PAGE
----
Pastiche, parody, homage and self-indulgence are all easy countries to visit but difficult countries to leave. Done wrong, what plays to you as a witty, elegant celebration of a story type you happen to like can seem like an endless waltz to someone else’s music. Where you see knowing, affectionate nods they see smug jokes they don’t get. Where you see gentle parody of elements that are difficult to accept, they see a stolid, conservative celebration of irrelevancy. It’s tough, and many authors have tried and failed to do it successfully. Brian Keene isn’t one of them. The Lost Level wobbles in its opening chapters but as the book goes on it becomes clear that Keene has not only been here before but, unlike his lead, he knows the way out.
Just a short one this week. I am inordinately fond of the Mission: Impossible movies, especially 3. I’m delighted to see Rogue Nation, the new one, seems to be maintaining the increasingly mischievous bent of the series too. This sequence, from the opening of Ghost Protocol, is probably the best example of that. Silent comedy, close quarters punching, Simon Pegg being magnificent and, of course, Dean Martin in a Russian prison. Oh and a beautiful, offhand justification for the fuse motif. Glorious stuff and your Sunday Moment of Zen.
Scott Tyler is a Shifter, a teenager born with the ability to undo choices and alter reality. Scott’s been through hell, struggling to control and accept his abilities while fighting off the organizations who want to use Shifters as weapons. After all, a trained soldier is dangerous. A trained soldier who can keep repeating battles until they find a way to win is terrifying.
Scott’s last Shift was to save a life. But the world he’s inadvertently shaped is one where London is a ruin and the Shifters are at war. Desperate to get home, Scott must work out not only who he is in this reality, but how to end the war, uncover the traitor in his team’s midst and find a way to keep the love of his life alive. The odds are stacked against him and, this time, even a Shifter may not be able to beat them…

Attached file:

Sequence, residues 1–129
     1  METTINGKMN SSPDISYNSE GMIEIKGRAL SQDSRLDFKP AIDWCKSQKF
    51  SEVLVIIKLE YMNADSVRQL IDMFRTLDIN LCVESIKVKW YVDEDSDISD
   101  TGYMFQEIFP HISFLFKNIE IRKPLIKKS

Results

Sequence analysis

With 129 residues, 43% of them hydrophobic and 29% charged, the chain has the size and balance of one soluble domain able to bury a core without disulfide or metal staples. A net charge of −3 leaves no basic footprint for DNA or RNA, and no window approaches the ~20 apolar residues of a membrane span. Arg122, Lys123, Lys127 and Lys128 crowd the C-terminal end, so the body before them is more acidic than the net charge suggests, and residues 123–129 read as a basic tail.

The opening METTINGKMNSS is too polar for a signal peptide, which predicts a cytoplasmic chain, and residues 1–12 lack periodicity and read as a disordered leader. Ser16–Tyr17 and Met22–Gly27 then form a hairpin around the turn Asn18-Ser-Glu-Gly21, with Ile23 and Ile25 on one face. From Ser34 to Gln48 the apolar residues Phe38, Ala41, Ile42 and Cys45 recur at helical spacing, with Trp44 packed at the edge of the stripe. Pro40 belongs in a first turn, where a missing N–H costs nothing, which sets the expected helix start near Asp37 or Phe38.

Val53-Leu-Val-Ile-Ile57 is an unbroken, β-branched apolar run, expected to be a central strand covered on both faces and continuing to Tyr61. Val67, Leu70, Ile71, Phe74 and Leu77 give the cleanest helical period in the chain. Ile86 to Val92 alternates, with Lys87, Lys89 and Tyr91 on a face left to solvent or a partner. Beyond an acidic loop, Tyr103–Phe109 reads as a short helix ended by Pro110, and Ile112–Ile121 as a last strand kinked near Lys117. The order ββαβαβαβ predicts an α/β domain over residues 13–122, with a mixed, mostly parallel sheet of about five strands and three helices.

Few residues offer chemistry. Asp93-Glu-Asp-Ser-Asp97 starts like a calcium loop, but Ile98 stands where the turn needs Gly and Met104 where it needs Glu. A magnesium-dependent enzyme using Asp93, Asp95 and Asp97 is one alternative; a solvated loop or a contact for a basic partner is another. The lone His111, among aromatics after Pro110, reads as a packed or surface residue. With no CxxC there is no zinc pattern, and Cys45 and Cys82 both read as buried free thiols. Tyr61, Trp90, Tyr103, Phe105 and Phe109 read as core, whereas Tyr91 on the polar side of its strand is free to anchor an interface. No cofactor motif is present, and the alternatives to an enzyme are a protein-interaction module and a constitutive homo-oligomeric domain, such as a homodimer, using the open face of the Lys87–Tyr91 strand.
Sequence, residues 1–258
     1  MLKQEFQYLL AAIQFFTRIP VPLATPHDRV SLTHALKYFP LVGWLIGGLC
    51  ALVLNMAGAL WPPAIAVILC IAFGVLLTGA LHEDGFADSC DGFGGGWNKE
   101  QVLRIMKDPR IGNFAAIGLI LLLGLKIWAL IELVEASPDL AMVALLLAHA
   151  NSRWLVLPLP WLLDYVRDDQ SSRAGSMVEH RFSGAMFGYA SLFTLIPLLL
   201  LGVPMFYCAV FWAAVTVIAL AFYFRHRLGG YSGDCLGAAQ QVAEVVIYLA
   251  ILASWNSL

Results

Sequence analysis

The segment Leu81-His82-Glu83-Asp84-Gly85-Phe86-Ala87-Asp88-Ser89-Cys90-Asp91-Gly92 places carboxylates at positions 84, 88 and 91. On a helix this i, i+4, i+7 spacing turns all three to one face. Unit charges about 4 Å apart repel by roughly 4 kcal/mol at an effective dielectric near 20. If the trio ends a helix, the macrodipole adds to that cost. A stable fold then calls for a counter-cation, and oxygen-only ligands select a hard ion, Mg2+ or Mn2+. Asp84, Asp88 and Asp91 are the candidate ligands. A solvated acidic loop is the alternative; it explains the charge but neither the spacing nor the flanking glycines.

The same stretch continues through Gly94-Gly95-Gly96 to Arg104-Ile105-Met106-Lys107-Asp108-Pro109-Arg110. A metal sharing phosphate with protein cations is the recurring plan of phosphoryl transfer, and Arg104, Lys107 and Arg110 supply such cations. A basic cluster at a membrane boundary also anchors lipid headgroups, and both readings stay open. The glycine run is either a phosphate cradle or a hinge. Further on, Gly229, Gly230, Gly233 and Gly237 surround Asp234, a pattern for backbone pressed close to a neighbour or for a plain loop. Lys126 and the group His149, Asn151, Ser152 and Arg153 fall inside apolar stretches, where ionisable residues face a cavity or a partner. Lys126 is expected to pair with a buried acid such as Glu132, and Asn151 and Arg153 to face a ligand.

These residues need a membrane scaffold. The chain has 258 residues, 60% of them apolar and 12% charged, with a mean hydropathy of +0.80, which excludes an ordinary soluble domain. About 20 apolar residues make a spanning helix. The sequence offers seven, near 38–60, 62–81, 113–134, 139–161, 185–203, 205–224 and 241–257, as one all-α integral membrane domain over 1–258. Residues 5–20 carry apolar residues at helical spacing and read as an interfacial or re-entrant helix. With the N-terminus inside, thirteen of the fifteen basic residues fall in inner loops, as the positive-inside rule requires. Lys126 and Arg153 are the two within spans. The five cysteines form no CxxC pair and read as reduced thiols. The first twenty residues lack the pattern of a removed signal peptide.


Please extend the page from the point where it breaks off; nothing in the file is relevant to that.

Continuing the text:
Scott Sigler is one of the reasons I have a job. I Should Be Writing, Variant Frequencies and Scott’s Ancestor are the three podcasts that got me into the industry. Scott’s brand of foot on the accelerator, heavy metal SF remains one of the most fun games in town and it’s a pleasure to see him make ten years in the game. It’s even more of a pleasure because for one day only he’s giving away free stuff to celebrate.
A sneak peek PDF of the first fifty pages of the rewritten EARTHCORE
That’s the five books of the GFL series plus various novellas set in that universe (Featuring Mur Lafferty and Matt Wallace too no less) and the excellent Bones and Blood horror anthologies. Oh and the first fifty pages of EarthCore which, along with Ancestor, remains tied for my all time favorite book of his.
The kicker is that link is only good until 11.59pm on Monday March 23rd. That being today.
It’s an interesting time to be a comic reader. There are some brilliant, shining examples of the medium being published at the moment and I could spend ages listing the fantastic books you need to be reading. Likewise, I could go into detail about the various scandals and outrages, some small, some not large enough, that have rocked the industry in the last couple of years.
But other writers have written better pieces than I could about that. And, one one case, drawn them.
Ronald Wimberly’s piece Lighten Up, was published at The Nib this week. It’s an elegant, polite and horrifying look at racism in modern comics. It’s beautifully drawn, beautifully written and punches way above its deceptively light touch would have you expect. It’s also this week’s Sunday Moment of Zen. Lighten Up
San Francisco is magic. I09 highlighted how Toby Harriman, using time lapse and some very smart soundtrack choices, proves that. He turns a city defined by its size and space, by the bay that it wraps around and the bridges that connect it into a still beautiful but darker place. The sort of place that gets the hero it deserves rather than the hero it needs. This is San Francisco as Gotham City and this is your Sunday Moment of Zen.
Jen Williams is one of a small, elite group of authors who’ve turned me round on fantasy fiction. Along with compatriots like Andrew Reid and Den Patrick she writes stories about refreshingly normal, flawed people faced with impossible situations. All three authors have a tremendous ear for a good bit of profanity, all three have excellent comic timing and all three have unique perspectives on the genre. I’ll be talking about Andrew and Den’s stuff later in the year, but Jen’s up first thanks to having two stories out in 2015. One, Sorrow’s Isle, is a prequel to The Copper Promise, her 2014 novel. The other, The Iron Ghost, is the sequel.
RedEye has set itself a difficult task; produce horror that’s YA suitable but remains true to the needs of the genre. Lou Morgan’s Sleeplessdid an excellent job of showing how this could be done picking apart of teenage expectation and pressure with the twin scalpels of horror and insomnia. It’s a Hell of a book and, in Simon Cheshire’s Flesh and Blood, it’s got good company.